Save the file and reboot your Mac.

To unlock the Systems Preferences in General so all changes below will actually work you first need to edit this top level key.  <key>system.preferences</key>   adjust it as above changing it to a local group, i.e. staff.  Save & reboot.

to Unlock the Security & Privacy Pane – search for the following key  <key></key> & adjust it as above,  save & reboot.  This alone will unlock the pane, but you still won’t be able to get into it. Try logging in as a Standard user & unlocking it, it will work the first time but you’ll be prompted again at which point it won’t accept your password.  This is because it’s actually trying to unlock the FileVault tab, if you cancel out of the 2nd credential prompt and go back in you’ll get this slightly different prompt 2nd time round.


First time round it was ‘is trying to unlock Sharing preferences’, 2nd time its ‘modify an encrypted disk’.  So go back to the etc/authorization file and search for this <key></key>

            <string>__APPNAME__ is trying to modify an encrypted disk.</string>
      <string>admin</string> *Change this to another local group: staff, everyone
save and reboot.  Login as your standard user, you can now get into the Security & Privacy pane.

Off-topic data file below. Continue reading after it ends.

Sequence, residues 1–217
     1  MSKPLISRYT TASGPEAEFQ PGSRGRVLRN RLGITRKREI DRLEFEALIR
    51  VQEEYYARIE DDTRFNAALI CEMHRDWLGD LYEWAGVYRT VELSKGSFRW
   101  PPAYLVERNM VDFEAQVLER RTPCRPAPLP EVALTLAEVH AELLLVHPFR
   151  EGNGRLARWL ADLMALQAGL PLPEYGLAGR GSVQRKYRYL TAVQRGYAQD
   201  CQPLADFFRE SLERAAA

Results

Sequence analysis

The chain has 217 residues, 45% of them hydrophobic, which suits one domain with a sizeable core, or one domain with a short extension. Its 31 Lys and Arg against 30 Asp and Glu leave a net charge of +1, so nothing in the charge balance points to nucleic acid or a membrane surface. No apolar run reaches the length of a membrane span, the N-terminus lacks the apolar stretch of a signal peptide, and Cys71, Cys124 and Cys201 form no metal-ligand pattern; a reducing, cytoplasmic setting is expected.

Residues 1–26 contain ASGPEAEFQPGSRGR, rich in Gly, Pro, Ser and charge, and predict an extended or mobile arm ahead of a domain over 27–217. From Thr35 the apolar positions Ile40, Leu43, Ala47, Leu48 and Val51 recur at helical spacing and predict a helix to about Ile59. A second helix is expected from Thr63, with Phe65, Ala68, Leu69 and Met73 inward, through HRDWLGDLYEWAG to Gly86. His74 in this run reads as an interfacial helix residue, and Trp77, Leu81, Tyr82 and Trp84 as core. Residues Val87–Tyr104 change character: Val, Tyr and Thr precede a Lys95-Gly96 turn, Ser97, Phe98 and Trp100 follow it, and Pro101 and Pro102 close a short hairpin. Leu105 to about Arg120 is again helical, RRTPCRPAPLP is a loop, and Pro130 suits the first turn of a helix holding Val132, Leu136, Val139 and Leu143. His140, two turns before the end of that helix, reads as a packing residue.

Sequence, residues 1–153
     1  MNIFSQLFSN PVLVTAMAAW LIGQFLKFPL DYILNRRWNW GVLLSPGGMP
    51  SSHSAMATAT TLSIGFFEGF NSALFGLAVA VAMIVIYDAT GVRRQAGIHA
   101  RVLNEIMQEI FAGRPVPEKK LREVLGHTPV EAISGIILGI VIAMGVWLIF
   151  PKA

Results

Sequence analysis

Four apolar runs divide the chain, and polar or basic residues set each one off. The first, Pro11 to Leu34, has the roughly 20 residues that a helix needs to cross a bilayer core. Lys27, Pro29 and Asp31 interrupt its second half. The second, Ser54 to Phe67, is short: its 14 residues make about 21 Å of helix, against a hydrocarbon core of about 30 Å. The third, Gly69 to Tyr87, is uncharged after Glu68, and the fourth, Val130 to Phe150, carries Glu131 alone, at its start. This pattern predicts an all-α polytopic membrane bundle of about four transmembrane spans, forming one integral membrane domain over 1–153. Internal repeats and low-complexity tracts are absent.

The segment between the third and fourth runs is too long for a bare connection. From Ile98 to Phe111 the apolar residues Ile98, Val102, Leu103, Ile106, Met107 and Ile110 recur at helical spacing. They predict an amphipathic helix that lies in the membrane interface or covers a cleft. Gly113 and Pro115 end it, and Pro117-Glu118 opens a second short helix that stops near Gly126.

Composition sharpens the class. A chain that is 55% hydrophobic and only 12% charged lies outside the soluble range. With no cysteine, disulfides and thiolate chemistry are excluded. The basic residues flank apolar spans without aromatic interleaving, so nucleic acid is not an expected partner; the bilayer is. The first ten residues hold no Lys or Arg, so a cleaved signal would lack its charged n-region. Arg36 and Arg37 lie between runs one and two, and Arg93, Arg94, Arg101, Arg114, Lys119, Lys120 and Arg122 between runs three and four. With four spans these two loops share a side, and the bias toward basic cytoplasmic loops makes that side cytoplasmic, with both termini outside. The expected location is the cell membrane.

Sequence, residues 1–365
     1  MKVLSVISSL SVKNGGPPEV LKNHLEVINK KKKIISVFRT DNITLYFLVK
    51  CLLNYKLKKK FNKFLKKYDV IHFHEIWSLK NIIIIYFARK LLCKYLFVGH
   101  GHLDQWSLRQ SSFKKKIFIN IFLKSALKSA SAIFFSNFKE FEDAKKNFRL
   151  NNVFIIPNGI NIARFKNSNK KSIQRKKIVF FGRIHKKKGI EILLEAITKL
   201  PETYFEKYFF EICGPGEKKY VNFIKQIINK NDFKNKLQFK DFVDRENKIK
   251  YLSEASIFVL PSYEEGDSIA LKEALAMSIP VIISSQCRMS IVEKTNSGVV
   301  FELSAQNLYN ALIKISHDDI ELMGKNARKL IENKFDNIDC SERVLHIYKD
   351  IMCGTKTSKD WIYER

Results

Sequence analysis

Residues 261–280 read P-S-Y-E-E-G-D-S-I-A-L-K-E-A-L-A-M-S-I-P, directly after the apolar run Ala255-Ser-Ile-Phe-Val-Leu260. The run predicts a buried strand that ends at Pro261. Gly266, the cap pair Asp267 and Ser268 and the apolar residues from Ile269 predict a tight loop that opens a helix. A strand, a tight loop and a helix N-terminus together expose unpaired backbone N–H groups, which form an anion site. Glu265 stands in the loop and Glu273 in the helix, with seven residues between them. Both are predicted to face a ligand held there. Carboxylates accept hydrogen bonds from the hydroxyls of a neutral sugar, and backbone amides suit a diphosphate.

Energy Saver – Unlockable by editing - <key>system.preferences.energysaver</key> (as above)
Print & Scan – Unlockable by editing - <key>system.preferences.printing</key> note this unlocks the pane but you need to be in the lpadmin group to add a printer.
Network - Unlockable by editing - <key></key>
Sharing – Unlockable by editing - <key>system.preferences.sharing</key> this alone won’t unlock sharing as the “File Sharing” component is still blocking your access.  You need to adjust <key>system.sharepoints.</key> as well.

Users & Groups – Unlockable by editing -> <key>system.preferences.accounts</key> again this alone won’t unlock the Pane, you will be prompted for credentials twice, it will fail on attempt two. you need to adjust <key></key> as well.  This key is slightly different and uses a rule key, rather than a group key. edit it as follows to allow the current ‘session user’ access.

      <string>root-or-admin-or-authenticate-admin</string> *Change it to authenticate-session-owner-or-admin

Parental Controls - Unlockable by editing <key>system.preferences.parental-controls</key>
Date & Time – Unlockable by editing <key>system.preferences.datetime</key>
Software Update – Unlockable by editing <key>system.preferences.softwareupdate</key>
Time Machine – Unlockable by editing <key>system.preferences.timemachine</key>
Startup Disk – Unlockable by editing <key>system.preferences.startupdisk</key>

and then there’s some new Keys of interest in Lion, to investigate.


That’s my wrap up of the authorization file in Lion.  Happy to try and answer any queries.  Check out this article on my Blog -


Comments (1)


fixed, tidied up some formatting also.

Have a question about something in this article? You can receive help directly from the article author. Sign up for a free trial to get started.